Editorials

Wineke: 'La traviata' shows Madison Opera's class

MADISON, Wis. - One way to explain how much the Madison opera scene has improved since the 1980s is that I was once allowed to sing in a performance of Giuseppe Verdi's "La traviata" and was applauded for my efforts.

The year was 1985 and, at the time, I wrote columns about the opera.  Roland and Arline Johnson, who conducted and directed opera at the time, thought that if I were to sing I might bring needed publicity to the performance.

The problem was that I am a terrible singer, so terrible that, even today, when I attempt to sing in the church I pastor, the sound technician cuts my microphone until the hymn is ended.

Roland Johnson worked with me for weeks until he thought I was ready to bleat out "Dinner is served" in Italian and I kept writing about his efforts.

When the performance finally took place and I actually "sang" something similar to the score, I received a round of applause – something that brought strange looks from the imported professionals who sang the lead roles.

I am quite sure that John DeMain, who has been the opera's artistic director for the past 26 years, has never in his most lurid imagination ever thought of letting someone with my voice anywhere near the opera stage.

That's not to knock the Johnsons.  They founded the opera and made it a central point of Madison's cultural life.  Without them, there would be no city opera company (The UW also has an opera company).

But from the opening curtain to the final bows at last weekend's "La traviata" it was absolutely certain that this is now a professional company.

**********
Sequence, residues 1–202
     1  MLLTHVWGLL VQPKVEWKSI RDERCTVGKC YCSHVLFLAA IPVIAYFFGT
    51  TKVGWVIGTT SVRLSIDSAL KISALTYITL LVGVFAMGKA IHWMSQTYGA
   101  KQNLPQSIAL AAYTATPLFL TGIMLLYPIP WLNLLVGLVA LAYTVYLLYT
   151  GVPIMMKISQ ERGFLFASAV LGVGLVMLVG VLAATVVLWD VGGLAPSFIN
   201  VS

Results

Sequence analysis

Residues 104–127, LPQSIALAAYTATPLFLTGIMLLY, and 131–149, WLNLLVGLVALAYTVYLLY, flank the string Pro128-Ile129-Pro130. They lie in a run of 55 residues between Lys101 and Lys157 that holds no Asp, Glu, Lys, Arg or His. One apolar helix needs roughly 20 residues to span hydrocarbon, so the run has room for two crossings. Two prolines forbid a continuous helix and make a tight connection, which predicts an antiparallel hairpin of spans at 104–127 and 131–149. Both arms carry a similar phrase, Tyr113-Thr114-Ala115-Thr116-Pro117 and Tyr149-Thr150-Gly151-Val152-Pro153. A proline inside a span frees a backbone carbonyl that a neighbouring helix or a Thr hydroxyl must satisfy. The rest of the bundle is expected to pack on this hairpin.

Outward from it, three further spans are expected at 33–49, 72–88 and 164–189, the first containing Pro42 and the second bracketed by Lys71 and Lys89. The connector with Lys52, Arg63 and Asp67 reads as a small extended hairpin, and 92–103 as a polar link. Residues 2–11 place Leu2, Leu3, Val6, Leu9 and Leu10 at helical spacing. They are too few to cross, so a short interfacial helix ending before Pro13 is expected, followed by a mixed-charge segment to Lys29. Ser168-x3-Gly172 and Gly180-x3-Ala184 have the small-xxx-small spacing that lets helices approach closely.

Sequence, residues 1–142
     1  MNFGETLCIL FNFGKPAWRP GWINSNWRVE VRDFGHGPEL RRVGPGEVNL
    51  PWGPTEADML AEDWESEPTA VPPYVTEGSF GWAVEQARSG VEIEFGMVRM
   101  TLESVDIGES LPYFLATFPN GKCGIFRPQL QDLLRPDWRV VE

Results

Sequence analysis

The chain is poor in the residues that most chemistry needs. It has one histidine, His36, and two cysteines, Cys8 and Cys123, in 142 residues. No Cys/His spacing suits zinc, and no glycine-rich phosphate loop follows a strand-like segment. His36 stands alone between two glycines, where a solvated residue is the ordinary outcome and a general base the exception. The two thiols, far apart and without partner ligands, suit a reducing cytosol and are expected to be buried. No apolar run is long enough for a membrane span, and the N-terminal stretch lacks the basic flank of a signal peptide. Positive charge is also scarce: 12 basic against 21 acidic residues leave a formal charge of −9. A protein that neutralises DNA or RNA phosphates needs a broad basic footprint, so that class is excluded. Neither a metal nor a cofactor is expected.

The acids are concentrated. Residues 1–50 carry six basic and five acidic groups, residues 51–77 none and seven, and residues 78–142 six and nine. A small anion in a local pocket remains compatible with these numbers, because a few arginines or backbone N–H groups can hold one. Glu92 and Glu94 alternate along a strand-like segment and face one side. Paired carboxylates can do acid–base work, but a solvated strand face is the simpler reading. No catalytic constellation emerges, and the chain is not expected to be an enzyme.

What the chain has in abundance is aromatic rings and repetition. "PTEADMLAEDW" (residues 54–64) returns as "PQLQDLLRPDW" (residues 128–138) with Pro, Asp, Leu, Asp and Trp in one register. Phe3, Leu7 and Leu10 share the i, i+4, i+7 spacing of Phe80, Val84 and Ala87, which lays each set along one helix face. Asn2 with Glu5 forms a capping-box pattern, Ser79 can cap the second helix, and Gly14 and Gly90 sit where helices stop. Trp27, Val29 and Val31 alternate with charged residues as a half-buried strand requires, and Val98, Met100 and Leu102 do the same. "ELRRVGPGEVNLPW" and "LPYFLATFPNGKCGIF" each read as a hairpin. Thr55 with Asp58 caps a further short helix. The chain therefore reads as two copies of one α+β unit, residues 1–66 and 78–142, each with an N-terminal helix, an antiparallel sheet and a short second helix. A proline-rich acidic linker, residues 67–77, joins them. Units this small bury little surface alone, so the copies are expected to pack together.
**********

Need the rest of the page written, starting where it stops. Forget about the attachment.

The first impact was visual.

The curtain raised and revealed a large stage, an extravagant ballroom set and some 50 singers milling about. The atmosphere conveyed was crisp, overwhelming and engaging.  You would have liked to be at that party.

The plot of "La traviata" is typical Verdi.  Violetta Valery, sung by Cecilia Violetta Lopez, is a Parisian courtesan who falls in love with Alfredo Germont.  They move in together, but Alfredo's father convinces Violetta to leave him.  Violetta falls into poverty, suffers from tuberculosis and dies, but not before Alfredo and his father come to their senses and show up at her apartment.

There are relatively strong performances by all the singers, but Lopez just blows everyone away – though I've always wondered how someone dying of consumption can actually hit those notes just before her death.

But my main takeaway from the performance is that everything worked.  The singing, the orchestra, the sets and costumes all combined to make this a professional event.
 

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